Thursday, 5 July 2012

Hutton's Opening Statement at the Inquiry

Lord Hutton's Opening Statement on the morning of 1st August 2003 can be read here:

At the time Lord Falconer set up the Inquiry he was wearing two hats - not only was he Lord Chancellor but he was Secretary of State of the newly formed Department of Constitutional Affairs.  Following the obligatory one minute's silence in memory of Dr Kelly Hutton makes it clear that Falconer was acting as Secretary of State in asking him to chair the Inquiry.  Hutton stated his terms of reference: Urgently to conduct an investigation into the circumstances surrounding the death of Dr KellyAlmost immediately Hutton points out that he has to proceed with expedition and that he is in no doubt that it is in the public interest for him to do so.

This urgency would be seen I think to serve two useful purposes:
  1. It would take some of the heat off Blair.  It would demonstrate that he was concerned about, and proactive in, getting to the bottom of the reason why Dr Kelly "committed suicide".
  2. There would have been some concern I suggest about the possibility of an inquest taking evidence under oath before the Inquiry got to the point of witness examination.  As it turned out a little known clause in the Coroners Act 1988 was used to kick the inquest into the long grass and this gave Hutton a clear run with his inquiry.
Hutton stated that he was 'given information by Dr Kelly's widow', a subject I covered in my last post.  It was clear from his statement that he would be looking at Dr Kelly's interaction with certain journalists and more particularly with Andrew Gilligan on 22 May 2003, a week before the infamous broadcast on the BBC "Today" programme.  Also Dr Kelly's conversations with Newsnight reporter Susan Watts and with Gavin Hewitt.  There would be a strong focus on the row that developed between the Government and the BBC.  Events in the period immediately preceding Dr Kelly's death, the finding of the body and investigation thereafter would also come under scrutiny.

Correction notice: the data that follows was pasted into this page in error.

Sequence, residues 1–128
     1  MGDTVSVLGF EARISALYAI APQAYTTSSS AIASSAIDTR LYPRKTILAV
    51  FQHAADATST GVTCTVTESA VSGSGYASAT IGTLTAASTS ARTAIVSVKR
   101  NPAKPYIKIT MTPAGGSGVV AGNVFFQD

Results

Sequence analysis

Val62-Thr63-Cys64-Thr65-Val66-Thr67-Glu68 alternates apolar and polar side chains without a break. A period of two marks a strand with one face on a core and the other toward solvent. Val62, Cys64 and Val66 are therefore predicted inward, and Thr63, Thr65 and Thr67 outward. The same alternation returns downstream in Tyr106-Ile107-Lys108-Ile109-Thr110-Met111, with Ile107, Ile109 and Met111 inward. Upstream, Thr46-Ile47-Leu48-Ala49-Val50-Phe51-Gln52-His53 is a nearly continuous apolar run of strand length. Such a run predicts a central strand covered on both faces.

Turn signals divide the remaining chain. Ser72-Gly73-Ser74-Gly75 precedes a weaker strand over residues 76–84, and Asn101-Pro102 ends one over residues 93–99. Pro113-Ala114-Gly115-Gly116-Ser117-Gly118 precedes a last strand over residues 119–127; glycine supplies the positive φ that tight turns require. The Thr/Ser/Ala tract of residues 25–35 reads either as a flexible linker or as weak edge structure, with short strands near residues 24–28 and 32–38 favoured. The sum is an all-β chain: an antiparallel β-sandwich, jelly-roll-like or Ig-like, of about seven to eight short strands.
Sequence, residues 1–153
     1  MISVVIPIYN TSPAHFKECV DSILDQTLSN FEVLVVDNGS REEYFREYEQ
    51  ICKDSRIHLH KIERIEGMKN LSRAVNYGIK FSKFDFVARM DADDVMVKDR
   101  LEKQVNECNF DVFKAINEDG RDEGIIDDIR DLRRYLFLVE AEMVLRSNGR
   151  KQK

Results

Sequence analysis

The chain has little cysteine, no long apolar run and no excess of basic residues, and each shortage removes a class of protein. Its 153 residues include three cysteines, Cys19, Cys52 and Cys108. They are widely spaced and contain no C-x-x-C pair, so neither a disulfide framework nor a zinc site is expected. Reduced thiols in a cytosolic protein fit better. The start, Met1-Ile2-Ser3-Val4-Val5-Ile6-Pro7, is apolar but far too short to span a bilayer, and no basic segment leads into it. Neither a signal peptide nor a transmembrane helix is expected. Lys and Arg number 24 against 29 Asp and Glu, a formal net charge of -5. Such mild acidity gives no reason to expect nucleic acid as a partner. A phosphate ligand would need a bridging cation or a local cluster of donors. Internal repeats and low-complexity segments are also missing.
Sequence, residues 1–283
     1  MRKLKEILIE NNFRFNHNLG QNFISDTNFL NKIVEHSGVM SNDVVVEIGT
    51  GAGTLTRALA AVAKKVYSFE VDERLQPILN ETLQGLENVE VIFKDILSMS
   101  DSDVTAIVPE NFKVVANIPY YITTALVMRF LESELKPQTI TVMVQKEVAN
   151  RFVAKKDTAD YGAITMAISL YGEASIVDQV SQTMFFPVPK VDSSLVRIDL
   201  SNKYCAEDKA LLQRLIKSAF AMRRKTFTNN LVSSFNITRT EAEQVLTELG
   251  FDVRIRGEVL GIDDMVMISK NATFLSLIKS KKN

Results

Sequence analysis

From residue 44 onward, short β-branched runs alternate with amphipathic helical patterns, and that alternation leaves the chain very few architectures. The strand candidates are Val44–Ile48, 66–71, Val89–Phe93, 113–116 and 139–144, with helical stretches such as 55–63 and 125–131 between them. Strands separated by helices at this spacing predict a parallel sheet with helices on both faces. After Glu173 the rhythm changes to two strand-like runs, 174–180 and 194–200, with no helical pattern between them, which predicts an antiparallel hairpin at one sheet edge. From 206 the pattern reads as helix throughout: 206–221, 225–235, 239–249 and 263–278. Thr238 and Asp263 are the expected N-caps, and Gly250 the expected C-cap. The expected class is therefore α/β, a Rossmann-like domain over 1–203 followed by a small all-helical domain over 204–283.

So on 1st August Hutton marked out the territory.  Clearly he was already associating the death with the September 2002 dossier, the 45 minute claim and the broadcasts of some journalists.  All these things are interesting in their own way but how could he be sure at the outset that Dr Kelly's death was the sad culmination of these various events? 

Regarding medical evidence Hutton displays some puzzlement about the electrodes that were on Dr Kelly's chest: this a subject for a later post.

The fact that Hutton seems to have believed in the suicide hypothesis from the word go is evidenced by him referring to part of Dr Hunt's wild speculation on this.  This piece of speculation stands out like a sore thumb in the Opening Statement, a statement which should adhere to the known evidence.  My take on this can be read here: 

Following the statement from Lord Hutton Geoffrey Robertson QC made a submission on behalf of several broadcasting organisations for there to be limited TV coverage of some of the witnesses giving their testimony.  Hutton gave a ruling on this on 5 August which was in the negative, the details of the ruling are here:    

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